ttystikk, schuylaar and Padawanbater2 like this.

    Fogdog Well-Known Member

    Right now, it doesn't pay for anything because it isn't funded.

    The bill is symbolic. I'm glad it's being floated in an non-election year so we can see what the public reaction will be. In past years, this has been a losing issue for Democrats, which is why the old guard is so reluctant to jump in with both feet. Opinion polls reflect the same old response the public shows when people say how much it will cost, as if the current system is such a good deal.

    I don't see how we are going to get a handle on cost reduction without the government first taking control of payment.

    My local hospital, a so-called non-profit, has a beautiful lobby with fountains, artwork and such. European hospitals have a much more institutional look but provide better service. Just saying we have a long way to go when it comes to figuring out how to reduce costs without jeopardizing service when hospital planners and administrators place high value on unimportant fluff.

    tangerinegreen555 Well-Known Member

    What bothers me is reality never matches the theory.

    And 'Medicare for all' is not what Canada and other western societies have.

    I'll be on Medicare in a year and a half. You still need a supplimental policy to cover the 20% they don't cover.

    My friends in Canada don't pay anything. No copays, no deductables, nothing. Except the higher tax rate.

    I get the feeling that if we had what Bernie supports tomorrow, it wouldn't be what you expect. I like the idea, but guaranteed they will fuck it up. If we were at 80% public approval, and could study it and go over it with a fine tooth comb for 6 months without republican resistance (not to mention resistance from insurance, phama, medical supplier, etc. companies), it could work.

    I'm not very optimistic. And you'd HAVE to have higher tax rates especially for multi millionaires. Which we should have anyway.

    Sooooo much resistance. I'm depressed thinking about it already.

    You know, Medicare isn't really that great, right? You get sick enough, you can wind up in a nursing home and lose everything.

    I always supported a 'catastrophic' gov't. health insurance. So they can't bleed the little guy dry at the end. You have no idea how many people lose everything at the end while a bunch of CEO's smoke cigars and laugh.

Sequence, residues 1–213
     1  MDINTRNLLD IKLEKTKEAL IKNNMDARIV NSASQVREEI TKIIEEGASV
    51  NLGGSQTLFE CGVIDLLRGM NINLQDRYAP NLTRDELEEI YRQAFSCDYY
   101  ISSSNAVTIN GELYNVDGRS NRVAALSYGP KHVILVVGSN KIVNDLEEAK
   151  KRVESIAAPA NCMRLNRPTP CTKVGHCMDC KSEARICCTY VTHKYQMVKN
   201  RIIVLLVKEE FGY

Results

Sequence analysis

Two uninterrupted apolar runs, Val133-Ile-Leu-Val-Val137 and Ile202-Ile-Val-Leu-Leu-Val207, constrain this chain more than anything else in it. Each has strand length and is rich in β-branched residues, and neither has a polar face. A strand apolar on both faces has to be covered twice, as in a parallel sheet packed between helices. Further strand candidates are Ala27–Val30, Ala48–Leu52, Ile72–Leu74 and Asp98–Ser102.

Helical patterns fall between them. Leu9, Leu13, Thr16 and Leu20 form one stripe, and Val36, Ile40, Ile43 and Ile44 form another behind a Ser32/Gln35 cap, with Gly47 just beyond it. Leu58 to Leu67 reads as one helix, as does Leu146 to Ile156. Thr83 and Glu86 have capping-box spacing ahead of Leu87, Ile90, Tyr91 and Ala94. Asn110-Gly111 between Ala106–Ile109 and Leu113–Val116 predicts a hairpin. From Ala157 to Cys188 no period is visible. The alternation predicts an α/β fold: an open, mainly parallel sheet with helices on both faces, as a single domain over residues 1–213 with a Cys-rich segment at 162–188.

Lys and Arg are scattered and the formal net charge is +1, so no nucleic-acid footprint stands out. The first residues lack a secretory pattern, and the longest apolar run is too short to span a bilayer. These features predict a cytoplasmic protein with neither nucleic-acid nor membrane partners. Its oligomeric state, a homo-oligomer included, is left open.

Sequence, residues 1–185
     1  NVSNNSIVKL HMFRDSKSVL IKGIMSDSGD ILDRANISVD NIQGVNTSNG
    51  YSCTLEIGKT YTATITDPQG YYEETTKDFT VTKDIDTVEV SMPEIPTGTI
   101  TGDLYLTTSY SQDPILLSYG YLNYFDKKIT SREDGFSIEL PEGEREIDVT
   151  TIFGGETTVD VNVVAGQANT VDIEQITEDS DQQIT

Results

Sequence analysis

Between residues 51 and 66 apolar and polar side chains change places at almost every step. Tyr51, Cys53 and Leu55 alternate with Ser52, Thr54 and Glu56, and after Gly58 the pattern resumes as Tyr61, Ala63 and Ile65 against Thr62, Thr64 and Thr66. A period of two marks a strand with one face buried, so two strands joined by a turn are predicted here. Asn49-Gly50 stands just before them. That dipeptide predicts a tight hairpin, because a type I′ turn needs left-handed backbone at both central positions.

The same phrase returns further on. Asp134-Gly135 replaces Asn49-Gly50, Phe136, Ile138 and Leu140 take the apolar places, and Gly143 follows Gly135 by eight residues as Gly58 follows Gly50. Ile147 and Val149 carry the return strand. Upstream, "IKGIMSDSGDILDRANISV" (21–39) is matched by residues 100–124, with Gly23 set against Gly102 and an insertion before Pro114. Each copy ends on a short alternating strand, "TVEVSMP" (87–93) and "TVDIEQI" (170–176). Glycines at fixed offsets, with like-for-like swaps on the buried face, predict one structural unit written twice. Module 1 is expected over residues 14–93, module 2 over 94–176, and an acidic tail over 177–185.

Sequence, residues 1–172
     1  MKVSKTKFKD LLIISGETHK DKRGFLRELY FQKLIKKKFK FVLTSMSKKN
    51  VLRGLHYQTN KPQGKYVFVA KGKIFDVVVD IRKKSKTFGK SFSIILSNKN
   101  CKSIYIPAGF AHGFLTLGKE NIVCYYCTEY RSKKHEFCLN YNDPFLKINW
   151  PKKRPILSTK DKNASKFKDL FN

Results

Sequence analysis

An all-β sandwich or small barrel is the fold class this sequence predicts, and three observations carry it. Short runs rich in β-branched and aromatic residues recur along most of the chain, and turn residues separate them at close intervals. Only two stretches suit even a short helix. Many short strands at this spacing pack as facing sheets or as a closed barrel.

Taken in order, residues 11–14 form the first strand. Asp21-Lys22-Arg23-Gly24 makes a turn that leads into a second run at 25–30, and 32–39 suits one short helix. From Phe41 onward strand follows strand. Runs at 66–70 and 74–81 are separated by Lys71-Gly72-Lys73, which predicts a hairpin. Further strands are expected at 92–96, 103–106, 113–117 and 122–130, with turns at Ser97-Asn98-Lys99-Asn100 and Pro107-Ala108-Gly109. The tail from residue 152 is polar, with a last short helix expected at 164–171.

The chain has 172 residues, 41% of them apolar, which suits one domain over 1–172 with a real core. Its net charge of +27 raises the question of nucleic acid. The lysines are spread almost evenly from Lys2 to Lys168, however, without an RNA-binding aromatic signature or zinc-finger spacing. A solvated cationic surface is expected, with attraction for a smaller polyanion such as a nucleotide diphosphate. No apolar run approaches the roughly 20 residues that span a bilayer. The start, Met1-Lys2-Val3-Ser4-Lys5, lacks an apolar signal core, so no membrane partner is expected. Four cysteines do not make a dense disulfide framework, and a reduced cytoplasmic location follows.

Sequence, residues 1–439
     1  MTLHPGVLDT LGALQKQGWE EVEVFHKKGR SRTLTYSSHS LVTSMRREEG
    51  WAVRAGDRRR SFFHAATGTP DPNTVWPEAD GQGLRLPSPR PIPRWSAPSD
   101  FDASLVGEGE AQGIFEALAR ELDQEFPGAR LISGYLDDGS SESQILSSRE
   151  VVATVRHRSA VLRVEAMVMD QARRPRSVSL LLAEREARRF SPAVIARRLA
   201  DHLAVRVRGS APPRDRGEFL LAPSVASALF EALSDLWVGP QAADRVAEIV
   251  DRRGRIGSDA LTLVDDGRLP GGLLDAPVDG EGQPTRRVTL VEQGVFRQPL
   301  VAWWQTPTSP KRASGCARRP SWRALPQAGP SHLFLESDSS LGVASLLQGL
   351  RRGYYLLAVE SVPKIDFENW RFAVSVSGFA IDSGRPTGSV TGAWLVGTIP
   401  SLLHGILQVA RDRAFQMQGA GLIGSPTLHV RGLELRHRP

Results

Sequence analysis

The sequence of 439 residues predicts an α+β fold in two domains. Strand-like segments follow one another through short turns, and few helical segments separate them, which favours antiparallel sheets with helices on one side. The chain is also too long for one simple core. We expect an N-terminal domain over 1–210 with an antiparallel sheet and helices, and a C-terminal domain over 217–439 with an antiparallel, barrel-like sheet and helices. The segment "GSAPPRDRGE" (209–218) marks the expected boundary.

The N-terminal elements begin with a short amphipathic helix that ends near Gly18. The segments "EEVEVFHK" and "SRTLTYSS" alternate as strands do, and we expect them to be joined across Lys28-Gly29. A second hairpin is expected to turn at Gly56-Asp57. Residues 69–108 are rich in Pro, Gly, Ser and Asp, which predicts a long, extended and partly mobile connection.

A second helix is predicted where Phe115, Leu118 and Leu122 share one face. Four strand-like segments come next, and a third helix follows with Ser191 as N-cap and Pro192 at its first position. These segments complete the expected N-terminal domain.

rkymtnman Well-Known Member

    exactly. sounds nice and gives a warm fuzzy feeling but nowhere near universal coverage.
    Fogdog and srh88 like this.

    rkymtnman Well-Known Member

    US is only country in the world where people file bankruptcy for medical costs.

    Abiqua Well-Known Member

    Remember the government's official position Still to this very day, is that Cannabis sativa is a Schedule 1 drug.

    Something about roses and poo poo and daisys.

    Fogdog Well-Known Member

    Yeah, but Republicans are going to legalize it any day now.
    rkymtnman likes this.

    rkymtnman Well-Known Member

    I heard that ole Beauregard has a few of them there negroes on his cannabis plantation down there in Alabammy.
    Justin-case likes this.

    Padawanbater2 Well-Known Member


    Padawanbater2 Well-Known Member

    The reasons you cite for not being optimistic about adopting a system of universal healthcare are unreasonable, imo

    Medicare is one of the most popular programs in the US

    rkymtnman Well-Known Member

    it sure is. insurance companies are bending over backwards to cover 55 to 70 year olds with multiple pre-existing conditions, cancer, lung disease, etc.

    you're not an actuary, i take it?
    Fogdog, srh88 and tangerinegreen555 like this.

    Padawanbater2 Well-Known Member

    Americans With Government Health Plans Most Satisfied